Algebraic Numbers and Algebraic Functions

American Mathematical Soc., 2005 - 349 páginas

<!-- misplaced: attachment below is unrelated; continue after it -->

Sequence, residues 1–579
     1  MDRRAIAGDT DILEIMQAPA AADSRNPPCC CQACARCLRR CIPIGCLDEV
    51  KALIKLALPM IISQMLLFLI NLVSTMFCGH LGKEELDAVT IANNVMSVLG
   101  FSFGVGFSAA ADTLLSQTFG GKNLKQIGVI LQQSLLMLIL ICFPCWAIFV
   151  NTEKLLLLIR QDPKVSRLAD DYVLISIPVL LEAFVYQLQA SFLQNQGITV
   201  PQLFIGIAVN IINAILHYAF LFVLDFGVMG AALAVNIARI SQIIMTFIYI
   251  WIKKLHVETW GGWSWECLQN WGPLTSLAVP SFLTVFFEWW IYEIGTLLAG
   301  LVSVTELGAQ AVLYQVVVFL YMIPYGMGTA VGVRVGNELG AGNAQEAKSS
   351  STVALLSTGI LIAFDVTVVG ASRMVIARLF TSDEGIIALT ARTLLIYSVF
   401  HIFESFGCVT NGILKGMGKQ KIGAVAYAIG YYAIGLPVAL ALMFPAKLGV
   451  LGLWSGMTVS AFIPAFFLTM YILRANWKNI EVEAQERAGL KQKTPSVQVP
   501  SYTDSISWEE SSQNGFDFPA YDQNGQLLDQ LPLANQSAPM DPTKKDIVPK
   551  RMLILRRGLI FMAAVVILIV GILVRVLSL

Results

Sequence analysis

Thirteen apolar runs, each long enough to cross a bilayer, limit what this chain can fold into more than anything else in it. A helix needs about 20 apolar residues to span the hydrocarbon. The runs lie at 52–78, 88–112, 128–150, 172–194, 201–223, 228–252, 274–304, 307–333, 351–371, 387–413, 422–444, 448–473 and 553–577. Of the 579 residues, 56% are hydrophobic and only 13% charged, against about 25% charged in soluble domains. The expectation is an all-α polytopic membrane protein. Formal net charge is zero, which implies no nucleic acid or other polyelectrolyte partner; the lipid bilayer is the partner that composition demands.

Famous Norwegian mathematician Niels Henrik Abel advised that one should ""learn from the masters, not from the pupils"". When the subject is algebraic numbers and algebraic functions, there is no greater master than Emil Artin. In this classic text, originated from the notes of the course given at Princeton University in 1950-1951 and first published in 1967, one has a beautiful introduction to the subject accompanied by Artin's unique insights and perspectives. The exposition starts with the general theory of valuation fields in Part I, proceeds to the local class field theory in Part II, and then to the theory of function fields in one variable (including the Riemann-Roch theorem and its applications) in Part III. Prerequisites for reading the book are a standard first-year graduate course in algebra (including some Galois theory) and elementary notions of point set topology. With many examples, this book can be used by graduate students and all mathematicians learning number theory and related areas of algebraic geometry of curves.

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